Tag Archives: history

Tom Roberts as History Painter

Tom Roberts painting “Bailed Up” is a history painting in the same tradition as Velasquez “Surrender at Breda” or Gericault’s “Raft of the Medusa”.

He worked on the thing over 30 years.  Part dramatic reenactment, part reportage, part documentary, but in the long run a homage to a time in history that had passed before he even began the work, Roberts clearly intended this painting to be his legacy.

What is less clear is what Roberts own criteria for success were. He was well read, widely travelled in Europe, so would have been aware that History painting was considered the most difficult and important genre. If  we   apply those criteria applied to other history painting, we will begin to see both the artist and his work in a new light.

Definitely more than an “impressionist” plein air piece, it is a studio picture in most ways Preliminary sketches, portraits of characters, accurate details of accessories such as guns, costumes and coach all point to the long gestation of the painting. Even the landscape painted largely on the spot was reworked later. It would take the eye of a horseman to recognize the breeds portayed,  the harness details and coach fittings. Roberts was, and aware of the critical rural eye that would notice such things

If histories can be rewritten, and new perspectives revealed by focus on different incidents and artefacts, then surely the “history painting” itself can be repainted.? Most history painting was in the “great men doing great deeds” view of history. Courbet and Manet challenged that. There are other histories to be had.”Bailed Up” may be an “icon”, but is it the last word?

It seems to me that the “assemblage” approach, the gathering of site specific soil samples and referencing almost random photos, plants and geological maps, fabric samples etc is not the only way of deep referencing.  A pictorial approach to the narrative (and these days ya gotta have a “story” underpinning the “project”) may still be possible without the result being “only” or “just….. History painting.”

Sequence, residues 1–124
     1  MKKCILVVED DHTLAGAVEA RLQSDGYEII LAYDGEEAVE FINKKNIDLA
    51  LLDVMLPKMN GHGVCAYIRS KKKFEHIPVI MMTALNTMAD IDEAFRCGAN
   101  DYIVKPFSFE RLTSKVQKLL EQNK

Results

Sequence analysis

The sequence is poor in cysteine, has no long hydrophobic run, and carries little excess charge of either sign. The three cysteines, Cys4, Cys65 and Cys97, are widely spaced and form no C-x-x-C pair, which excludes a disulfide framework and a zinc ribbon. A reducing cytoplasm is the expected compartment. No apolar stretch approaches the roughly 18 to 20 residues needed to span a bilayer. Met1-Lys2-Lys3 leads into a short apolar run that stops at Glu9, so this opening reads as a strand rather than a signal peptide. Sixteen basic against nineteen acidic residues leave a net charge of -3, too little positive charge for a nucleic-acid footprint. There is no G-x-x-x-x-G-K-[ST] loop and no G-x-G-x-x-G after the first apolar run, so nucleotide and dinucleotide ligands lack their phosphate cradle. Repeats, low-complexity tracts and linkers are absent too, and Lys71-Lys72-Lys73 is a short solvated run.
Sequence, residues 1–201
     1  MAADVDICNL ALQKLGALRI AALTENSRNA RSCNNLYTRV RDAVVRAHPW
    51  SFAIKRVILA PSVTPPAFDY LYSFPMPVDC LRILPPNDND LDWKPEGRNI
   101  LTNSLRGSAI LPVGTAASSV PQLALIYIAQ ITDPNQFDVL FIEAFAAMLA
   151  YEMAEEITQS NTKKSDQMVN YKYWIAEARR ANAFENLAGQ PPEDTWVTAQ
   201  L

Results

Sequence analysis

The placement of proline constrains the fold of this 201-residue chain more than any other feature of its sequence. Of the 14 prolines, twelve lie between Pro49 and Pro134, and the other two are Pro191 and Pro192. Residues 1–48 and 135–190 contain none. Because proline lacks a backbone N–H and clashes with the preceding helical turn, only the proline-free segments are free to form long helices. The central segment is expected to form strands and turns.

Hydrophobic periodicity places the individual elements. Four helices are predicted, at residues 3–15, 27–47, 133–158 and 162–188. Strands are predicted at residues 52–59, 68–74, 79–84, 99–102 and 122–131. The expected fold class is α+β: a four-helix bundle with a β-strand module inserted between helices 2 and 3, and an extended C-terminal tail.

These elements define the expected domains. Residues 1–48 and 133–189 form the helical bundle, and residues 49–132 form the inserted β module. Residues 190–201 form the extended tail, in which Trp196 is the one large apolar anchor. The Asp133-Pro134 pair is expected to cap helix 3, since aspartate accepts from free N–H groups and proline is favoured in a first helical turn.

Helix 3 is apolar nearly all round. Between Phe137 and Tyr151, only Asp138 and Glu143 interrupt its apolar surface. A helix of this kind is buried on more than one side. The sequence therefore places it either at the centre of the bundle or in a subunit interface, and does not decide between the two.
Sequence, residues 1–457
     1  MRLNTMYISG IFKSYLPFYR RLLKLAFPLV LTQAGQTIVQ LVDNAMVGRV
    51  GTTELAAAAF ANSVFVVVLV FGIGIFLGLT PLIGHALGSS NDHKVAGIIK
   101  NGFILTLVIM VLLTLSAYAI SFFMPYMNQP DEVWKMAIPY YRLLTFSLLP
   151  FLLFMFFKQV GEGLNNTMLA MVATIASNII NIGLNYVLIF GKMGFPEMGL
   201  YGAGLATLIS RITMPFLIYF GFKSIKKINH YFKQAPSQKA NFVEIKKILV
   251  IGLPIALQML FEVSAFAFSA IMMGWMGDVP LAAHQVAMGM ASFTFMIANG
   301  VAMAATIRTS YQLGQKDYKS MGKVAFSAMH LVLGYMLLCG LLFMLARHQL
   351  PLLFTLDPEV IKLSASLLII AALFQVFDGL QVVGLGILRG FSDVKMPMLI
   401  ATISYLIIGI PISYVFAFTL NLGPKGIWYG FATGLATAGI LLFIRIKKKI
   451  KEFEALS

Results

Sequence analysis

On Rubens

Its amazing how long it can take for the penny to drop!

Rubens’ use of the neutral gray is forced on him by his substitution of warm shadows at first instead of the cool verdaccio of the Italians. They arrived at a dynamic mix caused by the warm and translucent midtones scumbled over the verdaccio, which they then warmed in the deepest darks with a transparent glaze. Rubens glazed late in the process too, but he BEGAN with them. That is why he used a neutral gray on the turn between the deep shadows and the midtones. He couldnt get them any other way.

Technically, this meant his painting could proceed rapidly, especially when his midtone ochre was already dry , having been applied as the imprimatura,and was frequently left as is. The lights could be applied without mixing them with the greys.

All this did not prevent him from subsequent glazes and scumbles when the underlayers were dry, and his medium ( turpentine and resin?) would have dried very quickly. Even the umbers and ochres and mars black used in the initial drawing and shadows were actually drying agents (siccatives) and were applied extraordinarily thin. And today we shy away from lead white ( Flake and Cremnitz). These too are very fast drying.

After a good nights sleep, all your work the previous day would be pretty well dry enough to apply a layer of medium( turps, resin, and stand or sun thickened oil), into which work would proceed, producing that “enamel” look. Oh yeah, and the old masters used soft brushes and VERY thin paint, even in the impasto lights. Rembrandt excepted!

Its a historical (not to be confused with “natural” or any other kind of “progression” ) sequence from Florentine chiaroscuro to Caravaggios spotlit dramas and on to Rubens’ assimilation of venetian oil technique. It bears repeating that “truth to nature” in the French academic sense was not an aim of earlier art. So the arguments about “relative” versus “absolute” tones is truly…..well, Academic!

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